Third, in my view, the major questions doctrine as described by the Court in WV v. EPA is not so limitless as some detractors suggest. Many passages in Chief Justice Roberts’s opinion for the majority were dedicated to offering guideposts and guardrails for the applicability of the major questions doctrine as a canon of statutory interpretation. If I had to pull a standard out the Court’s opinion today, I would say that whether the major questions doctrine applies depends upon (1) “the ‘history and the breadth of the authority that [the agency] has asserted,'” (2) “the ‘economic and political significance’ of that assertion,” and (3) the extent to which the agency is relying on “‘modest words,’ ‘vague terms,’ or ‘subtle device[s]'” rather than more direct delegations from Congress. To put it more colloquially, the major questions doctrine applies to curtail agency discretion when an agency stretches the boundaries of statutory interpretation to claim new authority to address big problems that weren’t obviously under the agency’s jurisdiction previously.
To be sure, this is a mushy standard rather than a bright line rule, which makes its application more subjective and uncertain than admirers of the administrative state would prefer. Mushy standards have their drawbacks, including but not limited to a lack of certainty ex ante and a potential for inconsistency of application. Bright line rules have their problems, too. (Surveying the rules versus standards literature is beyond the capacity of a mere blog post. For just a few entries, see here and here and here.) But the formulation of the major questions doctrine that I draw from the Court’s opinion in WV v. EPA is not limitless.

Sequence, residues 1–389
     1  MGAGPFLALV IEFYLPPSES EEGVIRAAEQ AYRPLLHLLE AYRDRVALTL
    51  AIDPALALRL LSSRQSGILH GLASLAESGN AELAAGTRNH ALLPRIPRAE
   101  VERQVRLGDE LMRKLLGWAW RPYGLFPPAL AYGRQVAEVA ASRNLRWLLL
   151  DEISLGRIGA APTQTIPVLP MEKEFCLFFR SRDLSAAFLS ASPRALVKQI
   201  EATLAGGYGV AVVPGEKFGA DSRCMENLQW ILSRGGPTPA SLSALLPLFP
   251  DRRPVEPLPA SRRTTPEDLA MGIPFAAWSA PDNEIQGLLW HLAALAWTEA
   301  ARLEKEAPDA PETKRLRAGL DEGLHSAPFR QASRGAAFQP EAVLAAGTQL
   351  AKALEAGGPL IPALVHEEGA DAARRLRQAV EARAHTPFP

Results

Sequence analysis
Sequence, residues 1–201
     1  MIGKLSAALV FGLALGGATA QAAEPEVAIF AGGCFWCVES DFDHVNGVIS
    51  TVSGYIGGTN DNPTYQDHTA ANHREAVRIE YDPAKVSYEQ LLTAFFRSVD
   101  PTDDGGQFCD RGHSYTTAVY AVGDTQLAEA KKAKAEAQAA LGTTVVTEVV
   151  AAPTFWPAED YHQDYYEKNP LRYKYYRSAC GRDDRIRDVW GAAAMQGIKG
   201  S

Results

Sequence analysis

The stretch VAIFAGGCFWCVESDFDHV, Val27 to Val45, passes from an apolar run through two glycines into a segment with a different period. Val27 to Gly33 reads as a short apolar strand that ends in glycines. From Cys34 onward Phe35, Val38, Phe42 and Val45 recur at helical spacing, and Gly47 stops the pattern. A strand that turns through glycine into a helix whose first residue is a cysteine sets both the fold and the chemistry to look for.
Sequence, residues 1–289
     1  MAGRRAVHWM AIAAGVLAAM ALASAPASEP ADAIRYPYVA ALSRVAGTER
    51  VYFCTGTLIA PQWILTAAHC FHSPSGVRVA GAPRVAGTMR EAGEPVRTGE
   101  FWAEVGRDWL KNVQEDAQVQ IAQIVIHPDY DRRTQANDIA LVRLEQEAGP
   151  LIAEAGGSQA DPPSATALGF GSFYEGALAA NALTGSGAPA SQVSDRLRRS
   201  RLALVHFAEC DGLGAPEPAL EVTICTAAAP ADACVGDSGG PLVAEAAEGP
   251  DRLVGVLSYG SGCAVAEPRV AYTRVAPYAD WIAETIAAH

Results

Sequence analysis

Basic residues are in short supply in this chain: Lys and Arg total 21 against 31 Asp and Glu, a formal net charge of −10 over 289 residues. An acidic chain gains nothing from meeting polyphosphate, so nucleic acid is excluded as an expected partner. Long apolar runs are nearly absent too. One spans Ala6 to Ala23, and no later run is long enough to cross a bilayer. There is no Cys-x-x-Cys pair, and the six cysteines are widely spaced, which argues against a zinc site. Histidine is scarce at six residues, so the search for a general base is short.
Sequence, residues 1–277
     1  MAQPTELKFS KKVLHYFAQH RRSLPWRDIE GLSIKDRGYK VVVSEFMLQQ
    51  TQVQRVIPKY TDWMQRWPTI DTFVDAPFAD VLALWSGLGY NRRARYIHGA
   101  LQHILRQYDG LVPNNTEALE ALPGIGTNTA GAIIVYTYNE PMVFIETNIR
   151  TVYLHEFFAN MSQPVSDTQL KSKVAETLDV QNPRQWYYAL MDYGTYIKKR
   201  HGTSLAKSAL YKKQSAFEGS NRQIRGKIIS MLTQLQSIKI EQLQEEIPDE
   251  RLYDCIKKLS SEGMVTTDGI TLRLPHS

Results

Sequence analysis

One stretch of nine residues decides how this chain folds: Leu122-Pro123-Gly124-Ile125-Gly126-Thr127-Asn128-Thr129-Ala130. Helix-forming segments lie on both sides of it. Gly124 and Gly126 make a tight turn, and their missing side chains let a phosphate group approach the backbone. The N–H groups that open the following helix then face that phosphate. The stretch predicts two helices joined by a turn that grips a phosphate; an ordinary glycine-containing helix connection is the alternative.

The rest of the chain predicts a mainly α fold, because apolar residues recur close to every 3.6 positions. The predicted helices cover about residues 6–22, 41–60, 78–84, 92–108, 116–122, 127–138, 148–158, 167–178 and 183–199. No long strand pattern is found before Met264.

If we are honest, I expect we can all think of circumstances in which an agency, facing political pressure in the face of congressional inaction, has pushed the boundaries of statutory interpretation to claim authority that it previously denied in order to address a policy problem through regulation. Although I continue to defend the application of Chevron deference in the context of agency rulemaking, I will concede that the availability of Chevron deference has emboldened agency officials to push the interpretive envelope on some occasions. Meanwhile, congressional gridlock means more pressure on the executive branch to adopt regulations where the statutory authority to do so is shakier.
Finally, the court’s decision in WV v. EPA, and its embrace of a more robust major questions doctrine, are not the massive blows to the administrative state that some commenters claim. The reality on the ground is that most delegations are clearer and most regulations are narrower and more “interstitial” (to use a favorite word of Justice Breyer’s) than the Clean Power Plan regulations at issue here. Most of those regulations never see the inside of a courtroom, and more aggressive application of the major questions doctrine seems unlikely to change that.